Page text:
The new Anglo-Japanese defense agreement is a message to Moscow and Beijing

Associated Press/Matt Dunham
British Prime Minister Boris Johnson, left, greets Japanese Prime Minister Fumio Kishida before their meeting at 10 Downing Street in London, on May 5, 2022.

In 1902, Britain broke out of what had been its longstanding policy of non-alignment, what it termed “splendid isolation,” and created its first alliance with a foreign power, the Japanese Empire. It subsequently renewed and expanded the treaty twice more, in 1905 and 1911. The alliance was meant to serve as a deterrent to Russian expansion in China and Korea. Soon enough, Japan would find itself at war with Russia, which it defeated in 1905.

Fast forward a century later and, after having been adversaries in World War II, the two countries have announced another defense agreement, motivated as in the past by Russian aggression — but this time with Chinese, as well as Russian, adventurism as a primary target. The defense pact, formally termed a Reciprocal Access Agreement, does not mention Beijing or Moscow explicitly, but it provides for joint training, disaster relief cooperation and, most importantly, reciprocal accelerated troop deployments.

Neither Prime Minister Boris Johnson nor his Japanese counterpart, Fumio Kishida, has equivocated as to what the agreement is about. Speaking at 10 Downing St., where the two leaders met on May 5, Johnson stressed the need to have allies in Europe and East Asia stand together in the face of what he called “autocratic, coercive powers.” Kishida underscored the importance of standing together to challenge Russia’s invasion of Ukraine in order to deter a potential Chinese attack on Taiwan.

The agreement marks a noteworthy change for both countries, as its forerunner did a century ago. Since the end of World War II, and governed by its pacifist constitution, Japan has been reluctant to enmesh itself in foreign disputes. Its focus instead has been on providing humanitarian and development assistance to countries ravaged by war. It did so in the Balkans during the late 1990s and in Iraq in the first decade of this century.

Yet, in recent years, Japan has become increasingly outspoken about China’s intentions regarding Taiwan, once a Japanese colony that bore the name Formosa. It was not all that long ago that Japan was reluctant to commit publicly to anything that even remotely smacked of its willingness to come to the island democracy’s defense in the event of a Chinese cross-straits attack. That is changing, as the prime minister’s comments at Downing Street made clear.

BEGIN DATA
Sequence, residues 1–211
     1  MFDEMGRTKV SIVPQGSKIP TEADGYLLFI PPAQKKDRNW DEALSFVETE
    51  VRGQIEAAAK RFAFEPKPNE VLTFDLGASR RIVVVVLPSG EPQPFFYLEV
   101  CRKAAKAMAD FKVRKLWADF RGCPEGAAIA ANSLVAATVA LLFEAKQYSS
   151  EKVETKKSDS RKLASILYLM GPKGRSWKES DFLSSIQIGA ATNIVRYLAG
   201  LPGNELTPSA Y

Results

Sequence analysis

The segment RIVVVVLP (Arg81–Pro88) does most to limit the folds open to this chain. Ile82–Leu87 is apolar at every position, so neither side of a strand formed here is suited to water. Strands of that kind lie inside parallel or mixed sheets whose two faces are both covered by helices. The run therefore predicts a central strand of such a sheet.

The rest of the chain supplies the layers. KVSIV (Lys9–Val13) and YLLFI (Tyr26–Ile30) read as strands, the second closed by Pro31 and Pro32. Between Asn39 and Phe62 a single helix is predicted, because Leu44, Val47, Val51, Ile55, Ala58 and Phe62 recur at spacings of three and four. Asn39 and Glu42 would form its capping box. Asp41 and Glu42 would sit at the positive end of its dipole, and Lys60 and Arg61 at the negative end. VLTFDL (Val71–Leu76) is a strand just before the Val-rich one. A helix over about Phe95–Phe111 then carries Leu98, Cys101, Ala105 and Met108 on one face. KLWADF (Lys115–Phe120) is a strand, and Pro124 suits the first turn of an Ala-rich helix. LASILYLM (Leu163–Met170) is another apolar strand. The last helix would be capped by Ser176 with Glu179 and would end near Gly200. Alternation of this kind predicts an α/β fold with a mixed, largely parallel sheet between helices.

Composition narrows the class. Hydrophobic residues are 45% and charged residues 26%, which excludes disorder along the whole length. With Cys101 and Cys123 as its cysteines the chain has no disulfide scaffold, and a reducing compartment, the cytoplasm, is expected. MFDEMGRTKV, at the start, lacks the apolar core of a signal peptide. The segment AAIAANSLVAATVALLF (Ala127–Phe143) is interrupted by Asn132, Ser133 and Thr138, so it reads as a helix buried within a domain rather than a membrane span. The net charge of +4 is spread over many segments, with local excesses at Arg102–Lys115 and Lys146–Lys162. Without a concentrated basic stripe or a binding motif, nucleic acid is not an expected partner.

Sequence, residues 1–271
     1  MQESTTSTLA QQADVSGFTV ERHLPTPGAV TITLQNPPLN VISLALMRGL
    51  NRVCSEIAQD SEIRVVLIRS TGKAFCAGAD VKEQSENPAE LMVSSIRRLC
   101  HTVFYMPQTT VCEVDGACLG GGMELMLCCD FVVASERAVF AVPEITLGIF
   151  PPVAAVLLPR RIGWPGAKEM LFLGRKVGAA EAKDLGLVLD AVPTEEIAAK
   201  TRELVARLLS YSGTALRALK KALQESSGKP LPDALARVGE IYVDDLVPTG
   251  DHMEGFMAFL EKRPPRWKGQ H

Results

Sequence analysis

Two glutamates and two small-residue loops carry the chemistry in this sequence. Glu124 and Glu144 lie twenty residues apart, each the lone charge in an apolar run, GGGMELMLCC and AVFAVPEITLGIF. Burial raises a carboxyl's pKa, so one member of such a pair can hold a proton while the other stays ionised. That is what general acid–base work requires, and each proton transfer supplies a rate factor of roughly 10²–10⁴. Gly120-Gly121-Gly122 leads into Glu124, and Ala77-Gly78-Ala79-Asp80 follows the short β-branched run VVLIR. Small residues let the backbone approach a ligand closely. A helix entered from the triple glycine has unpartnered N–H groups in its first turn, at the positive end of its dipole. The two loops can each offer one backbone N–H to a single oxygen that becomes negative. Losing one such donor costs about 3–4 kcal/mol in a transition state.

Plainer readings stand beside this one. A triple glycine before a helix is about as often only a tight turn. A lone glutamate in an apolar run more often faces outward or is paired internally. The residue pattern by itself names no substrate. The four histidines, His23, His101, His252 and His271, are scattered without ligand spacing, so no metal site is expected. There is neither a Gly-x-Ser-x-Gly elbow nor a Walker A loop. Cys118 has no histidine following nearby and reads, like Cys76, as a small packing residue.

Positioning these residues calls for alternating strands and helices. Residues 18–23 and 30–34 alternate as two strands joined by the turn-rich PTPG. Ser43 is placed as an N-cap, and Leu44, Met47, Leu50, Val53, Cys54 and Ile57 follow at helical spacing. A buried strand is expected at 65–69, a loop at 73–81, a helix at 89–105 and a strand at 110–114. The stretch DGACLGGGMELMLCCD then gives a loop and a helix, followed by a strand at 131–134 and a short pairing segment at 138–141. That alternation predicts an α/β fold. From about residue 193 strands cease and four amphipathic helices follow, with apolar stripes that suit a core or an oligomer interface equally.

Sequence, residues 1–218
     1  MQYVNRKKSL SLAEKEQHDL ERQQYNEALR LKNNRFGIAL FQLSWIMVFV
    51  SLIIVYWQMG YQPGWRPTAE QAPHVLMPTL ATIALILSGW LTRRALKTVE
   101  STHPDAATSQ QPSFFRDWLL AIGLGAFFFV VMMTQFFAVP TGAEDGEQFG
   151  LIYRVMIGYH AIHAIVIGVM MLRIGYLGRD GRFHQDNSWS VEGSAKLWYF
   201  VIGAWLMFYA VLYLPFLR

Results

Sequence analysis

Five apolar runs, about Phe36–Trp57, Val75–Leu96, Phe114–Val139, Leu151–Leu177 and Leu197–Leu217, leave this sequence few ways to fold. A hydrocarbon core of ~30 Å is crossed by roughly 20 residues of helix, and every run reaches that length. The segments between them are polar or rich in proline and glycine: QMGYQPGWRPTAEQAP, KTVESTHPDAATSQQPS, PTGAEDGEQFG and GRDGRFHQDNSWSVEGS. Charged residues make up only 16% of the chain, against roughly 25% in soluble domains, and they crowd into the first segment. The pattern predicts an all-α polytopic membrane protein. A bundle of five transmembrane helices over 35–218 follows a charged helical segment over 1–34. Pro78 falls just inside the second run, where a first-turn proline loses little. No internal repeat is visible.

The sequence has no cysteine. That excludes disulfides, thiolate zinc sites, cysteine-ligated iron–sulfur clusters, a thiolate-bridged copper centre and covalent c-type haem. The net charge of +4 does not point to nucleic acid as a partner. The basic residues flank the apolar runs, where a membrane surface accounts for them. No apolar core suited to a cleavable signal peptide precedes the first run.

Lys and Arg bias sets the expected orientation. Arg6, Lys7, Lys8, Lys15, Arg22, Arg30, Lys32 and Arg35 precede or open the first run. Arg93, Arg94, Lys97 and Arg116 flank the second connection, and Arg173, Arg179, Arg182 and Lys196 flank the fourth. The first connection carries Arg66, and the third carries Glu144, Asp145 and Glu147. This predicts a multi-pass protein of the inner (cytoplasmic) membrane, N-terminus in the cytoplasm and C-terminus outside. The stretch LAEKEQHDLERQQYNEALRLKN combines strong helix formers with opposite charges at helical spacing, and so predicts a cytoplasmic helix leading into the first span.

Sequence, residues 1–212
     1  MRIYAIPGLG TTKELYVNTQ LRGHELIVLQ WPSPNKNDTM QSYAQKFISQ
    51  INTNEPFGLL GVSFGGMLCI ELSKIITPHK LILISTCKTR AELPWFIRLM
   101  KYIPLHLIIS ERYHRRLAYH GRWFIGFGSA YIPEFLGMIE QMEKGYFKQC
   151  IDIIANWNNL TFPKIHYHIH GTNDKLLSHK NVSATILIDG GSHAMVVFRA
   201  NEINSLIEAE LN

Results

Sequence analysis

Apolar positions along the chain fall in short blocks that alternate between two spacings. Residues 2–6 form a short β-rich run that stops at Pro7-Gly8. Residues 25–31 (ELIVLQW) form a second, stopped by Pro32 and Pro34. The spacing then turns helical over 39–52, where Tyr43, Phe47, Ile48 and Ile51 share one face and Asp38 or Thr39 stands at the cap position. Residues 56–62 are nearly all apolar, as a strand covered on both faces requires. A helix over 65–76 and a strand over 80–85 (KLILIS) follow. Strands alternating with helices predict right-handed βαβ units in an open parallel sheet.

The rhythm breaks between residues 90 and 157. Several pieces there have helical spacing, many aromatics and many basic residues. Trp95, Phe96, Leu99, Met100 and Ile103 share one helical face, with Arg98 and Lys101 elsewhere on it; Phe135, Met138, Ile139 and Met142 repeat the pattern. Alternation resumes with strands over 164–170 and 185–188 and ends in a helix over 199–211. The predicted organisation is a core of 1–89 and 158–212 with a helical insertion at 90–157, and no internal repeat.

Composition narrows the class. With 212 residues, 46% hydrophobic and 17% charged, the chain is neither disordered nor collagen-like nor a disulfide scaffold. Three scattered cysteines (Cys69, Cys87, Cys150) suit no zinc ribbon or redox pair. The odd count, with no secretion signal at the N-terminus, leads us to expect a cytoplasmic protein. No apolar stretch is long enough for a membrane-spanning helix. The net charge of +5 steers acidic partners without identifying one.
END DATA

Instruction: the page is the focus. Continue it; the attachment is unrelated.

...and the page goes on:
At the same time, Tokyo’s willingness to impose far tougher sanctions on Moscow, and to freeze Russian assets, in the aftermath of Russia’s invasion of Ukraine marks a far stronger response to Moscow’s aggression than was the case in the past. Nor was Japan fazed by Moscow’s decision to break off talks with Tokyo over the future of the four Kuril islands, over which the two countries remain at loggerheads, and which is a major reason why they have yet to sign a peace treaty formally to end World War II (the state of war between them ended in 1956).

Japan has stepped up its military involvement with nations other than the United States, most notably its involvement in the Quad, which includes not only America, but also Australia and India. The agreement with Britain marks another step in Japan’s emergence on the international scene as not only an economic powerhouse but as a significant politico-military player as well, in East Asia and in Europe.

The agreement also marks a major initiative for Britain, whose only defense relationship of note in East Asia was the more than half-century old, low-profile Five Powers Defense

Arrangements with Singapore, Malaysia, New Zealand and Australia. Britain’s focus had shifted primarily to Europe when, five years before it joined what was then called the European Economic Community in1973, the Labour Government decided to withdraw Britain’s military presence “East of Suez.”

In recent years, Britain began conducting naval deployments through the South China Sea to register its support for maintaining it as a free and open international waterway. But its agreement with Japan returns it full force to the East Asian theater. Indeed, the new Anglo-Japanese agreement builds on Britain’s defense agreements with the United States and Australia in the AUKUS submarine and high technology arrangement and, as noted, with Canberra via the Five Powers Defense Arrangements. As a result, Britain now has formal defense agreements with three of the four Quad members, and it is those states — Japan, Australia and the United States — that are most openly critical of China’s adventurism.

The British military may no longer be as overwhelming as it was when the Anglo-Japanese alliance came into being, but the United Kingdom remains one of the world’s military powers and its re-entry into East Asia should not be minimized. Just as Moscow has had no choice but to take notice of Japan’s actions in support of Ukraine, so, too, Beijing would be wise to do the same regarding London’s new agreement with Tokyo.

Dov S. Zakheim is a senior adviser at the Center for Strategic and International Studies and vice chairman of the board for the Foreign Policy Research Institute. He was under secretary of Defense (comptroller) and chief financial officer for the Department of Defense from 2001 to 2004 and a deputy under secretary of Defense from 1985 to 1987.

Tags Boris Johnson Britain China-Taiwan tension Fumio Kishida Japan quad alliance Russian invasion of Ukraine

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